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When do I love you most, sweet books of mine?
In strenuous morns when o'er your leaves I pore,
Austerely bent to win austerest love,
About the seat, and to some dreamy shore
Of old Romance, where lovers evermore
Yea! ye are precious then, but most to me
Ere lamplight dawneth, when low croons the fire
To whispering twilight in my little room,
I feel your great hearts throbbing deep in quire,
RICHARD LE GALLIENNE.
A NAKED house, a naked moor,
Yet shall your ragged moors receive
Of day's declining splendor; here,
ROBERT LOUIS STEVENSON.
THE HOMES OF ENGLAND.
The stately Homes of England,
The merry Homes of England !
The blessèd Homes of England !
The cottage Homes of England !
The free, fair Homes of England !
FROM "PHILIP VAN ARTEVELDE." The heart of man, walk it which way it will, Sequestered or frequenteil, smooth or rough, Down the deep valley amongst tiukling flocks, Or mid the clang of trumpets and the march Of clattering ordnance, still must have its halt, Its hour of truce, its instant of repose, Its inn of rest; and craving still must seek The food of its affections, — still must slake Its constant thirst of what is fresh and pure, And pleasant to behold.
From this dull spot, the world to see,
How happy I should be !”
ANNIE D. GREEN (Marian Douglas).
FROM "THE TRAVELLER."
B's where to find that happiest spot below, Who can direct, when all pretend to know? The shulduring tenant of the frigid zone Bo!lly proclaims that happiest spot his own; Extols the treasures of his stormy seas, And his long nights of revelry and ease : The naked negro, panting at the line, Boists of his golden sands and palmy wine, Basks in the glare, or stems the tepid wave, Anil thanks his gods for all the good they gave. Such is the patriot's boast, where'er we roam, His first, best country, ever is at home. And yet, perhaps, if countries we compare, And estimate the blessings which they share, Thongh patriots flatter, still shall wisdom find An equal portion dealt to all mankind; As diferent good, by art or nature given To different nations makes their blessing even.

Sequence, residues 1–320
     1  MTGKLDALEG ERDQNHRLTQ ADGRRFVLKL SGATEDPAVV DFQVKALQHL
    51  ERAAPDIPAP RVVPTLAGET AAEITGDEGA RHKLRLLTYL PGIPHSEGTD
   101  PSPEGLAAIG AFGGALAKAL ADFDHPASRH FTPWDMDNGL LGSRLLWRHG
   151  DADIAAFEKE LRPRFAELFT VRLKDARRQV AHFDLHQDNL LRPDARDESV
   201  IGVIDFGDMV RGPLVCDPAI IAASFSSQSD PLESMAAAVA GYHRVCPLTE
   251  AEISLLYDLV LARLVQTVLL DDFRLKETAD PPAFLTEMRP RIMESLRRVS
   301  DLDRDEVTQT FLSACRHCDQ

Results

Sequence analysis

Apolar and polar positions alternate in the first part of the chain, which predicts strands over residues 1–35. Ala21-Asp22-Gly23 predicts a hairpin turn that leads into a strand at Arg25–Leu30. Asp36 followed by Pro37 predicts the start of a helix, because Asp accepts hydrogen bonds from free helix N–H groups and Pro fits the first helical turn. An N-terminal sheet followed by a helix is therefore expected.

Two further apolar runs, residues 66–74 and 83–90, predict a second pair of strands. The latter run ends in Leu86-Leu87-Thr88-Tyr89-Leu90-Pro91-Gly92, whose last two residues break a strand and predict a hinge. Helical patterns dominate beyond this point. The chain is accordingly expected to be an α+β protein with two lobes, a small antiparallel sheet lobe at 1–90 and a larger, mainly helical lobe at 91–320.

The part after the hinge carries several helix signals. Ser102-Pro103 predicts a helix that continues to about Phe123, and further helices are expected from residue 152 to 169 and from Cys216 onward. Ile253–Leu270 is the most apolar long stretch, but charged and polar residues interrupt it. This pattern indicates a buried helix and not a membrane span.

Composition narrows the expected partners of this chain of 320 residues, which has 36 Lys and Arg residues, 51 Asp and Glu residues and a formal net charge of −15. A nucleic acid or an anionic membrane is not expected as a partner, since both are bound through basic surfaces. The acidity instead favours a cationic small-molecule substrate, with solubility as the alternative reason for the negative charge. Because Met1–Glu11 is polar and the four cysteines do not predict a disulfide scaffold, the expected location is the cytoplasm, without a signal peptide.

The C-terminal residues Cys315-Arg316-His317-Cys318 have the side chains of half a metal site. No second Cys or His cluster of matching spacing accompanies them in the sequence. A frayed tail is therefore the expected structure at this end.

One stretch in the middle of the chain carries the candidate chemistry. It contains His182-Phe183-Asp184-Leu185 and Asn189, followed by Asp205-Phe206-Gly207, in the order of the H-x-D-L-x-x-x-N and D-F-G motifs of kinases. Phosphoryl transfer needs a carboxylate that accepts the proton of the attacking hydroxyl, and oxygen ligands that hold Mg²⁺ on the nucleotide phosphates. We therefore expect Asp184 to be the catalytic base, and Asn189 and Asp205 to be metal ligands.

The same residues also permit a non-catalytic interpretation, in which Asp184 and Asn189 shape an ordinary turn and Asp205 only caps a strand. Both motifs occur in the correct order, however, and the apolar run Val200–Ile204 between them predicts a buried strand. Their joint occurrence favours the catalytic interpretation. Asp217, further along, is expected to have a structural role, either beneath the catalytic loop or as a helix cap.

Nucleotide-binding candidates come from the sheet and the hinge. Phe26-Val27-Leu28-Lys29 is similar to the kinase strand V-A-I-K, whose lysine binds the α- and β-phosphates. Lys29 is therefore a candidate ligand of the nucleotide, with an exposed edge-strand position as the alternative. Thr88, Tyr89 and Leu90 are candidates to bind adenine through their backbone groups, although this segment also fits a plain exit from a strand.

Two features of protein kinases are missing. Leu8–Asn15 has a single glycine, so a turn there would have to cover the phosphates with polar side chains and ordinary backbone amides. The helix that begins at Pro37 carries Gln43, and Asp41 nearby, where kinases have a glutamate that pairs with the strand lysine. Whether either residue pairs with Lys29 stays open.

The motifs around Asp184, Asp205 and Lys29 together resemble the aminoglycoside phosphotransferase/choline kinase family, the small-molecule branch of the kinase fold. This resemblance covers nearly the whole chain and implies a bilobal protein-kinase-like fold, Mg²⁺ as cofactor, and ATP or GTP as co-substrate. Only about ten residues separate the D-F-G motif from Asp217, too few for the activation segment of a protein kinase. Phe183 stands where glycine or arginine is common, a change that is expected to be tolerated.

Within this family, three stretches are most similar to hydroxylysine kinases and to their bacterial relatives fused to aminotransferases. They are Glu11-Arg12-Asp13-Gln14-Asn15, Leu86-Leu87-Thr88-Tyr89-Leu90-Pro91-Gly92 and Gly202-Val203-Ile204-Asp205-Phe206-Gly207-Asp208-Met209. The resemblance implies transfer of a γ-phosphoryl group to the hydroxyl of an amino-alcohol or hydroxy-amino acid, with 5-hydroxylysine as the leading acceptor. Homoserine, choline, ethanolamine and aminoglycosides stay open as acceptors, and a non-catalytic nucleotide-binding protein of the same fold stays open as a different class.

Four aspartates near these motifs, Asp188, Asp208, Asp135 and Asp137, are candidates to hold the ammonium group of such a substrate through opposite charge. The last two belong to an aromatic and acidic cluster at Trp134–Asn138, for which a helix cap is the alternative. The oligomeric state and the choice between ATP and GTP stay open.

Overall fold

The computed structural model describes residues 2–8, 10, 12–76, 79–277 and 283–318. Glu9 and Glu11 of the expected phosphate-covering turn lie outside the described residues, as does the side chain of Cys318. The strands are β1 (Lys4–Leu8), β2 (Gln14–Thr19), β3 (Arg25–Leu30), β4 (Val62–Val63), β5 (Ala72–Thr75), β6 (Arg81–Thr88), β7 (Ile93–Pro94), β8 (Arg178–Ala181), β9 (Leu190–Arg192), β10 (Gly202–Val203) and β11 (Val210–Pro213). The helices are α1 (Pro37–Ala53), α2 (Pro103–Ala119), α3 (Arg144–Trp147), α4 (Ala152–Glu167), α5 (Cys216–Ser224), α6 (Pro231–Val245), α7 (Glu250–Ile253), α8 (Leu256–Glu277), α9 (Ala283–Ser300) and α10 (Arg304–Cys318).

The farmer sat in his easy-chair,
Smoking his pipe of clay,
Was clearing the dinner away ;
The old man laid his hand on her head,
With a tear on his wrinkled face;
Had sat in the self-same place. As the tear stole down from his half-shut eye, “Don't smoke!” said the child ; "how it makes
The house-dog lay stretched out on the floor,
Where the shade after noon used to steal; The busy old wife by the open door,
Was turning the spinning-wheel ; And the old brass clock on the mantel-tree Had plodded along to alınost three.
Still the farmer sat in his easy-chair,
While close to his heaving breast
Of his sweet grandchild were pressed;
Athwart the boyish faces there,
Perhaps for her 't would better be,”
CHARLES GAMAGE EASTMAN.
NOT ONE TO SPARE.
“Which shall it be? Which shall it be?”
When the lessons and tasks are all ended,
And the school for the day is dismissed, And the little ones gather around me,
To bid me good night and be kissed ; O the little white arms that encircle
My neck in their tender embrace ! O the smiles that are balos of heaven,
Shedding sunshine of love on my face !
And when they are gone, I sit dreaming
Of my childhood, too lovely to last; Of love that my heart will remember
When it wakes to the pulse of the past,
FAITH AND HOPE.
Ere the world and its wickedness made me
A partner of sorrow and sin, -
And the glory of gladness within.
All my heart grows weak as a woman's,
And the fountains of feeling will flow, When I think of the paths steep and stony,
Where the feet of the dear ones must go ; Of the mountains of sin hanging o'er them,
of the tempest of Fate blowing wild ; 0, there's nothing on earth half so holy
As the innocent heart of a child !
0, don't be sorrowful, darling!
Now, don't be sorrowful, pray ; For, taking the year together, my dear,
There is n't more night than day. It's rainy weather, my loved one ;
Time's wheels they heavily run ; But taking the year together, my dear,
There is n't more cloud than sun.
We're old folks now, companion,
Our heads they are growing gray;
You always will find the May.
And our roses, long ago ; And the time of the year is come, my dear,
For the long dark nights, and the snow.
They are idols of hearts and of households ;
They are angels of God in disguise ; His sunlight still sleeps in their tresses,
His glory still gleams in their eyes ; O, these truants from home and from heaven,
They have made me more manly and mild ; And I know now how Jesus could liken
The kingdom of God to a child ?
All radiant, as others have done,
To temper the glare of the sun;
But my prayer would bound back to myself; Ah ! a seraph may pray for a sinner,
But a sinner must pray for himself. The twig is so easily bended,
I have banished the rule and the rod ; I have taught them the goodness of knowledge,
They have taught me the goodness of God. My heart is the dungeon of darkness,
Where I shut them for breaking a rule ; My frown is sufficient correction ;
My love is the law of the school.
I shall leave the old house in the autumn,
To traverse its threshold no more; Ah! how shall I sigh for the dear ones
That meet me each morn at the door!' I shall miss the “good nights” and the kisses,
And the gush of their innocent glee, The group on its green, and the flowers
That are brought every morning to me. I shall miss them at morn and at even,
Their song in the school and the street ; I shall iniss the low hum of their voices,
And the tread of their delicate feet. When the lessons of life are all ended,
And death says, “The school is dismissed !" May the little ones gather around me, To bid me good night and be kissed!
CHARLES M. DICKINSON.